- What is common sense to you, may not be to your partner (and vice versa). If something is bothering you, speak up and/or ask questions. Discuss what is bothering you, how and why you both do it differently, and how you can find a new way of doing it that will be mutually appreciated. For the longest time, I would get frustrated and angry when my stepsons, their biological mom’s family, AND my husband’s family would walk through our home in their outdoor shoes. That is a big sign of disrespect in my Polish culture, as it not only brings all the outdoor germs into your clean home, it shows a complete disregard for the effort and time spent cleaning. I assumed I was being “stepped on” for being different, and took it very personally. After continuous nagging (to my husband, not the parties involved) I finally opened my heart to a conversation, and realized that it wasn’t personal after all. It was an American habit that no one in my new family thought twice of. Once I understood that I can’t control every guest’s action, I let that go. But I did come to a compromise with my husband and step-kids, so that on a daily basis I can feel like our home is being respected and any efforts at keeping it clean appreciated…and mind you, it took five years to convince the oldest teen to join in on the habit of removing his shoes at the door…after one too many rainy days ending up in dirty footprints on our floors, I lost my cool and left my dear husband to reconcile us. We’re always a work in progress!
- The hardest time to keep each other’s cultural and emotional needs in mind is when we’re stressed and overwhelmed. We tend to revert to our innate habits and appear non-compromising. Develop an “emergency communication system” for those moments, to assure each other that the moment will pass, and with each other’s support and love you will get through it. When I start to slide into my Dr. Hyde alter ego, my husband (as long as he’s not equally stressed) will call me out on it, hold me tight in a reassuring embrace, and say we’ll discuss this after I get some rest. And most times, the hug is all I need to get back to my normal state.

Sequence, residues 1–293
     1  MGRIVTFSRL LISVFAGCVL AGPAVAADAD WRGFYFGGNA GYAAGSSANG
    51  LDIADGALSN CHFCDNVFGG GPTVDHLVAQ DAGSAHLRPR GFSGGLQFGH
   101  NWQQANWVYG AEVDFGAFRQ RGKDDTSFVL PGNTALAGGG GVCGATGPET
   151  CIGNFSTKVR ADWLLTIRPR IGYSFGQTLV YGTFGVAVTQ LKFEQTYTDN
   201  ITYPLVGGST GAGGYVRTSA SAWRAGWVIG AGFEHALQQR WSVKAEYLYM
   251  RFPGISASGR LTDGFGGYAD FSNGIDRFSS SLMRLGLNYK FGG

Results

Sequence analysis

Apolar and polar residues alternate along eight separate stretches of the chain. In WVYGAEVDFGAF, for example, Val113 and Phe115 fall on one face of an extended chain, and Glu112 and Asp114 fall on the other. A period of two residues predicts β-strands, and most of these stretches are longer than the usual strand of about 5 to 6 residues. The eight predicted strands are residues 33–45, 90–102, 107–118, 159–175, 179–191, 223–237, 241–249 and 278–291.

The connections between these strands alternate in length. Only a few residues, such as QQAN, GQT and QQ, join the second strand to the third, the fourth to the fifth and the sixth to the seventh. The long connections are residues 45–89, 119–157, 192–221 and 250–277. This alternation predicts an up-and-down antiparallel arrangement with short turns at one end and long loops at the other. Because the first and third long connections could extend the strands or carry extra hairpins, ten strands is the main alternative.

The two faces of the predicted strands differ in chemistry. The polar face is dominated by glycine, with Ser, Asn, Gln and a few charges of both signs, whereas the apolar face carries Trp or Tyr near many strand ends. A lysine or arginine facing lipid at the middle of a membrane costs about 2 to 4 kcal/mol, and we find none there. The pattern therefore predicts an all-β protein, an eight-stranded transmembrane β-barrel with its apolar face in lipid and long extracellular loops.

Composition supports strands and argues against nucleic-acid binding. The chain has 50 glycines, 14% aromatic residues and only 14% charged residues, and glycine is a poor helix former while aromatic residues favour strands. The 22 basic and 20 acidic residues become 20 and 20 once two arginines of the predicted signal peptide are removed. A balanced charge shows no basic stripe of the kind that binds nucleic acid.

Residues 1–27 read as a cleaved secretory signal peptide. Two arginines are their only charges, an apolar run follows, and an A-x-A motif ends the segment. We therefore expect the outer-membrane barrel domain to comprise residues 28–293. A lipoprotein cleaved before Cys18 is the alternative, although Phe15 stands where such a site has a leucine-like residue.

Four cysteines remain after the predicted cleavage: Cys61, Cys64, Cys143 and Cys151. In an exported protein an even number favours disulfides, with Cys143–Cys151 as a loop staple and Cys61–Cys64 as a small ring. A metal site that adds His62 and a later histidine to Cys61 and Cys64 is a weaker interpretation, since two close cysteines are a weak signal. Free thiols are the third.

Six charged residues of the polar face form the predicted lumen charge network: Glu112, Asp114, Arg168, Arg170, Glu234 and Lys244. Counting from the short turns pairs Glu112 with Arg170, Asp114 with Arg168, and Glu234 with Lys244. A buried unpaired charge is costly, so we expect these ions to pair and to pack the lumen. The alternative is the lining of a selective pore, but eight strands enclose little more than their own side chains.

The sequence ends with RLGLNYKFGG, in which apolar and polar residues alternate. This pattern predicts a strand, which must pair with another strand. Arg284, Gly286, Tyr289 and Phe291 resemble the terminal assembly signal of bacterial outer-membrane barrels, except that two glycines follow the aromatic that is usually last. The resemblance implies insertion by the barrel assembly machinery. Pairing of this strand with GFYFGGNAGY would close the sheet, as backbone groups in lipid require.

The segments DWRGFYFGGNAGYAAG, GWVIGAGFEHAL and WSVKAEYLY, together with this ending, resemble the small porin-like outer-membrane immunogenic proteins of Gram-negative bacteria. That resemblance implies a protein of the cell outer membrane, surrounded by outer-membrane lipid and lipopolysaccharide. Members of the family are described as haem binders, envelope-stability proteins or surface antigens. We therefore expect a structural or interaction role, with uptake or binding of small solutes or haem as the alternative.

- By choosing to devote your heart to a cross-cultural relationship, you choose to be willing to blend your traditions. The more diverse your backgrounds are, the harder it will be to force your family’s traditions on your new relationship. If you go to your Aunt Agnes’ house for Thanksgiving each year for a feast of ten turkeys stuffed with chicken and your grandmother will never speak to you if you refuse to eat the bird, and your vegetarian partner spends a quiet evening at home feasting on a tofu bird, you will have to have a heart to heart talk with your partner AND your families about finding a compromise that will keep everyone civil, if not happy.